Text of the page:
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How can Bill Belichick fix stagnant Patriots? Maybe he should ask his old pal, Nick Saban

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Nick Saban of Alabama is one of Bill Belichick’s closest confidants and one of the few who can match him in terms of accomplishments.

Each comes from a Croatian family that settled in the steel and coal towns of Western Pennsylvania and West Virginia. Both sons are trainers and are similar in demeanor. Back in the early 1990s, Belichick, now 70, hired Saban, now 71, as a defensive coordinator for the Cleveland Browns.

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Where Belichick dominated the NFL (six Super Bowl titles), Saban did the same at the college level (seven national titles).

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So perhaps Saban is the one that exemplifies what Belichick should do about the fact that his New England Patriots are stalled — a 2-5 slide kept them out of the playoffs for the second time in three seasons. The Pats will go four years without a playoff win.

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Tom Curran of NBCSports Boston announced on Wednesday that Belichick and Patriots owner Robert Kraft held a post-season meeting and left, agreeing that “change” was needed in the organization.

Belichick once ran the most efficient and ruthless winning machine the NFL has ever seen. However, ever since quarterback Tom Brady left for Tampa Bay in 2020, New England has been drifting. Although mediocre, Belichick mostly kept everything inside, promoting from within or re-hiring former aides to return to their ranks. Two of his sons are also assistant coaches.

The New Englanders didn’t have a big-name quarterback last season and seem to have mostly relied on longtime Belichick assistant (and former Detroit Lions head coach) Matt Patricia to coordinate their offense despite having previously played in defense. It didn’t work out very well.

New England Patriots head coach Bill Belichick's decision to make Matt Patricia a forward was met with heavy criticism.  (Winslow Townson/AP Images for Panini)
New England Patriots head coach Bill Belichick’s decision to make Matt Patricia a forward was met with heavy criticism. (Winslow Townson/AP Images for Panini)

In Alabama, Saban never had the kind of falls that his former boss had. However, after winning back-to-back national titles in 2011 and 2012, Tide finished 11-2 in 2013. Saban could dismiss this as a trifle; In the end, Alabama went undefeated until the regular season finale.

Instead, he saw the game changing around him. College crimes were now widely exposed. The old ball control and defensive winning style that Saban perfected were under threat. He understood the need for modernization.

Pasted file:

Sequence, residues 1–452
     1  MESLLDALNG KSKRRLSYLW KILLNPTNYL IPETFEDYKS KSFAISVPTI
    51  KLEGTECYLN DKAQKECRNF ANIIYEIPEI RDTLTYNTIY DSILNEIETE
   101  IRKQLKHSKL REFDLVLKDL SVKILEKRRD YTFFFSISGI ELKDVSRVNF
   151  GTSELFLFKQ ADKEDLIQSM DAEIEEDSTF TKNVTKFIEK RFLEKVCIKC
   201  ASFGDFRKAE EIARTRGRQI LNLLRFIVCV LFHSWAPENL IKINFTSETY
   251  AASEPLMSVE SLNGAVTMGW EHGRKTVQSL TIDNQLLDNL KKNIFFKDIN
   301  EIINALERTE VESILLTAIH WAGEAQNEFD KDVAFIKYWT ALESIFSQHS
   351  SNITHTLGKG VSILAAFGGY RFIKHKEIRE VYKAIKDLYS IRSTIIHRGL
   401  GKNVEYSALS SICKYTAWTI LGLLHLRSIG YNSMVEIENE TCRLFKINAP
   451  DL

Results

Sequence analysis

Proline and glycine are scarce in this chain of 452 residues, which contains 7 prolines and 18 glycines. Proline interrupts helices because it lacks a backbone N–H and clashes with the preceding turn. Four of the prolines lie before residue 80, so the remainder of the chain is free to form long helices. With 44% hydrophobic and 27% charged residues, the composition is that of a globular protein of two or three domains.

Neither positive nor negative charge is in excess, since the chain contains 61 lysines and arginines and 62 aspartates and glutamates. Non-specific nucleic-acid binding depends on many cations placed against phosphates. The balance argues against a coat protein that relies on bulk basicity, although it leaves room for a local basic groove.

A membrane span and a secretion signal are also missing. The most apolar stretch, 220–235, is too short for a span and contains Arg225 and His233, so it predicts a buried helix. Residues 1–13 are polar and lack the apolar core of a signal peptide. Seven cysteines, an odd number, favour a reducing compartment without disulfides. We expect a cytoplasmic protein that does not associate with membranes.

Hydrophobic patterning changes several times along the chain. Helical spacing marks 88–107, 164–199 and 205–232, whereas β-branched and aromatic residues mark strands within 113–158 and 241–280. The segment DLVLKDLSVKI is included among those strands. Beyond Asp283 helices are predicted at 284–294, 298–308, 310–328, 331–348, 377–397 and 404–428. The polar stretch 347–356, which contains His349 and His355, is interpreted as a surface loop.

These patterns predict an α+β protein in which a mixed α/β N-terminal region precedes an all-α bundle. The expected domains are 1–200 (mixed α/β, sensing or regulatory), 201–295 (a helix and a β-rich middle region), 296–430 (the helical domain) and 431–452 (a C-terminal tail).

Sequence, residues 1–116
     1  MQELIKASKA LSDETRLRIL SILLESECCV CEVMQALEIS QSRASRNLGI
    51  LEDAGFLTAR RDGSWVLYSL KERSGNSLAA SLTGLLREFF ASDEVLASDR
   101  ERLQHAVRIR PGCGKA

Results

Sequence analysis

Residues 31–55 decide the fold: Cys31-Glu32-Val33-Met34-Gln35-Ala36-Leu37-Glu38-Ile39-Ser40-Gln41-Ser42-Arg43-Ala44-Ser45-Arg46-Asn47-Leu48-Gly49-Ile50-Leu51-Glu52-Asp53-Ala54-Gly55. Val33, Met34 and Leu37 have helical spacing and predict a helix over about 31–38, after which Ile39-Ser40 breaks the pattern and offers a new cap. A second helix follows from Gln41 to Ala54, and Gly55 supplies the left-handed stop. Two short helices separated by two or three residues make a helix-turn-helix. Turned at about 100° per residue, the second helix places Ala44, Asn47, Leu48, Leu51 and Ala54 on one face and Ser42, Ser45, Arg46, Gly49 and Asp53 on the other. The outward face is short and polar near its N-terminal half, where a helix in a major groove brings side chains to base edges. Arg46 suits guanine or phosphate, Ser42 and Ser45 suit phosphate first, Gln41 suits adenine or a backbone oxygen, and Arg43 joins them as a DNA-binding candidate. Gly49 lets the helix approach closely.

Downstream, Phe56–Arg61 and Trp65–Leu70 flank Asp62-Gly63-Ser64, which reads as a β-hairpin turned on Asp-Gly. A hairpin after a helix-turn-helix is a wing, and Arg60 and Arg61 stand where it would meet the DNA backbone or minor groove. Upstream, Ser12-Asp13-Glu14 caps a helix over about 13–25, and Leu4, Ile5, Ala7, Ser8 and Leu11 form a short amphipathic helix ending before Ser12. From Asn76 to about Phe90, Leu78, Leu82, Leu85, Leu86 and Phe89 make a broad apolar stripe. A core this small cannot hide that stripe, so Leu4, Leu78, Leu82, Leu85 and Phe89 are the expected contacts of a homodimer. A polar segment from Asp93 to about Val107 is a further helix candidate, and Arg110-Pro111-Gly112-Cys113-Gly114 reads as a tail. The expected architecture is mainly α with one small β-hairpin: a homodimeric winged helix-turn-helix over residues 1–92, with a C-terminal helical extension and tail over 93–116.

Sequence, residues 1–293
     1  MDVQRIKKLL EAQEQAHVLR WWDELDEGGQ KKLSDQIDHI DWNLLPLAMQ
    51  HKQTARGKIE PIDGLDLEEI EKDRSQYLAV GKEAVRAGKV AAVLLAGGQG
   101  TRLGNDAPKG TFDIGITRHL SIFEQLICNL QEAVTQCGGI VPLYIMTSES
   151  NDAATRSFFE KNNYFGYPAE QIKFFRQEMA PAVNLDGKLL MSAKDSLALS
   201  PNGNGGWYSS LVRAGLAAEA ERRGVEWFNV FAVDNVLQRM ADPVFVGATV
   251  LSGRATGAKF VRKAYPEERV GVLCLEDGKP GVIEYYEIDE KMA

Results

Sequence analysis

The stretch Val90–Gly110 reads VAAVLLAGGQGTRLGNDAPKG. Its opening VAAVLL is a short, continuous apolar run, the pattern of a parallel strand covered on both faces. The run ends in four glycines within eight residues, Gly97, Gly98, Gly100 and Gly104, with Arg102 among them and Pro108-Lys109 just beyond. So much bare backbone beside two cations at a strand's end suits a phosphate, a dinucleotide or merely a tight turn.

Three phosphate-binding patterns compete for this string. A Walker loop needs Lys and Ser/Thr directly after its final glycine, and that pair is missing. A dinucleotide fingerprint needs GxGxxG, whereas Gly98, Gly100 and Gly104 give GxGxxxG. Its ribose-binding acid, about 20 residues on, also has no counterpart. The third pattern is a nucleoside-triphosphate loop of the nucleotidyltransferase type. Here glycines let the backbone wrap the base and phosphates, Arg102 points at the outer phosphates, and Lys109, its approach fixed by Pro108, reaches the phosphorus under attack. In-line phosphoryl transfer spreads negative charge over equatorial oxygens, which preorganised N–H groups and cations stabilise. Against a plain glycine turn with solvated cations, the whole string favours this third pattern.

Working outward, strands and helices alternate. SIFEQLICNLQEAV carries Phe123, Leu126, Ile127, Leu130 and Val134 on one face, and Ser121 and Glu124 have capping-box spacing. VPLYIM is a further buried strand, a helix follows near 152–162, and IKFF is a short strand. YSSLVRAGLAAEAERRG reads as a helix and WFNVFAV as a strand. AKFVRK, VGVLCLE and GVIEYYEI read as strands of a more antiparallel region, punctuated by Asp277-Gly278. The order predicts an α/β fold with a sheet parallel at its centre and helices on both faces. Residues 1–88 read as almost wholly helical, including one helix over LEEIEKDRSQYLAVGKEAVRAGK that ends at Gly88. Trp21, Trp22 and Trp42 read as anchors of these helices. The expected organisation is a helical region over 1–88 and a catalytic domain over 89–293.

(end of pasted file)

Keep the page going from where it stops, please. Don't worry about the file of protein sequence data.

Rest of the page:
So he went and hired the most innovative offensive coordinator he could find: Lane Kiffin, who had just been fired as USC head coach. It was a wild move that made American football reel. Kiffin was known for his brashness and antics that seemed ill-suited for the conservative Saban. They had no previous relationship. Collisions were predicted (and they really were).

Saban didn’t care. He wasn’t looking for a friend. He wasn’t looking for a date. First, he invited Kiffin in for a week to analyze the Alabama offense, from recruiting to games and practices. Convinced enough, he hired Kiffin to turn the Crimson Tide’s assault into something as intimidating as the Crimson Tide’s defense.

“We are delighted that Lane has joined our staff,” Saban said at the time. “He’s an outstanding and creative offensive coach… and I’ve always been impressed by what I’ve seen in the games he’s called.”

The attack on Bama didn’t get exponentially better overnight; after all, it was already good. However, the situation improved as the foundation was laid. Kiffin only spent three seasons there, but he changed the way talented recruits looked at the Alabama offense. In later years, he was succeeded by Josh Gattis and Steve Sarkeesian, two other college coaches with no prior ties to Saban, and then incumbent CEO Bill O’Brien, who came from the NFL.

While Alabama had previously won with quarterbacks like Greg McElroy and A.J. McCarron—good but not elite talent—the Tide soon brought in Jalen Hurts, Tua Tagovailoa, Mack Jones, and Bryce Young. They started casting to DeVonte Smith, Jerry Judy, Calvin Ridley, John Metchi, Henry Ruggs III, Jaylen Waddle and so on.

It may be time for New England Patriots coach Bill Belichick (left) to rip a page out of the book of longtime confidant and Alabama coach Nick Saban.  (AP Photo/Butch Dill)
It may be time for New England Patriots coach Bill Belichick (left) to rip a page out of the book of longtime confidant and Alabama head coach Nick Saban. (AP Photo/Butch Dill)

The Tide has been national champion six times from 2015 to 2021, winning three championships. From 2018 to 2020, their offense ranked in the top three in the nation in points per game.

Saban’s willingness to see the challenges ahead and listen to other people’s opinions from very different personalities helped maintain, if not improve, his program.

This is the path Belichick should take if the “changes” he and Kraft have agreed upon include shaking up his coaching staff. Football lacks innovative coaches, especially in attack. And Belichik remains Belichik. Being able to work with a legend of this caliber makes any job at Foxborough attractive.

The question is whether he is ready to determine what he needs and then hire it. Or will he stay on course and keep looking inward?

Nothing is guaranteed here, of course. A fresh look can fail. But if Belichick needs proof that he’s straying far from the coaching tree, trying to destroy the world with new ideas, voices, and perspectives, then following his old friend to Tuscaloosa could be instructive.


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